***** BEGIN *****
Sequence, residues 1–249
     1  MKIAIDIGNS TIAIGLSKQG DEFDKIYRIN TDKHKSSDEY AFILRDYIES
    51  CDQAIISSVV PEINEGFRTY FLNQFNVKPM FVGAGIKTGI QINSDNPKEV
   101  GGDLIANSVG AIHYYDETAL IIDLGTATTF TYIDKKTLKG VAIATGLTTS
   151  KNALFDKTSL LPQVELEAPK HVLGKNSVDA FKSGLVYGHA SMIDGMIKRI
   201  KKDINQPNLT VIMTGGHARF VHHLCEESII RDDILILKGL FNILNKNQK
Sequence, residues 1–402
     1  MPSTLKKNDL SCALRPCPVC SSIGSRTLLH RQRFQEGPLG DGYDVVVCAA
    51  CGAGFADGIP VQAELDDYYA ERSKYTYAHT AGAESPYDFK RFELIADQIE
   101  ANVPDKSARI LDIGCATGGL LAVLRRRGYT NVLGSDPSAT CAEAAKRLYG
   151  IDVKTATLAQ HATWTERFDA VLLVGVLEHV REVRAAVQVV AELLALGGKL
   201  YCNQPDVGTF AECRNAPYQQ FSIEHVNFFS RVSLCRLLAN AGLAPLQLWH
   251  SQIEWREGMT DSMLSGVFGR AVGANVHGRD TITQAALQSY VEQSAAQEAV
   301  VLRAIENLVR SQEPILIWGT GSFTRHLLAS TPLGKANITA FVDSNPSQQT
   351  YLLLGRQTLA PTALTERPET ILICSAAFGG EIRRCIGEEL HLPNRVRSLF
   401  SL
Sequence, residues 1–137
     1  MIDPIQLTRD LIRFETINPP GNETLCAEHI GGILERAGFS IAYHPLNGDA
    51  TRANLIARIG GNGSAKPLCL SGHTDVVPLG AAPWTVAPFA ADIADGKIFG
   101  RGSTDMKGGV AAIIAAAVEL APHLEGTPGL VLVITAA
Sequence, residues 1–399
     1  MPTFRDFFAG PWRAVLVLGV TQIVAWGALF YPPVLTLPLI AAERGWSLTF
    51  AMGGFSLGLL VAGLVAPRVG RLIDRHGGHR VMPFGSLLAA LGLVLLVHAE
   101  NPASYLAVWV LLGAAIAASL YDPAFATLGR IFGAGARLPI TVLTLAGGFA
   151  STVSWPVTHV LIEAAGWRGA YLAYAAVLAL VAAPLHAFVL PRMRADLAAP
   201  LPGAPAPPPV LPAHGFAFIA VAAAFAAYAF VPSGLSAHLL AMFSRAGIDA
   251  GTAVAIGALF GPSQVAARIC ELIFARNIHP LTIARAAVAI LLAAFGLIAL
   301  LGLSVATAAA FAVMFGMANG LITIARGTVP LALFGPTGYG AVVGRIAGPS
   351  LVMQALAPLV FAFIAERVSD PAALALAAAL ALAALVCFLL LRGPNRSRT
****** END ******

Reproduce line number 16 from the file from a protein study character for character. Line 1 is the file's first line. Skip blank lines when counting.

   401  SL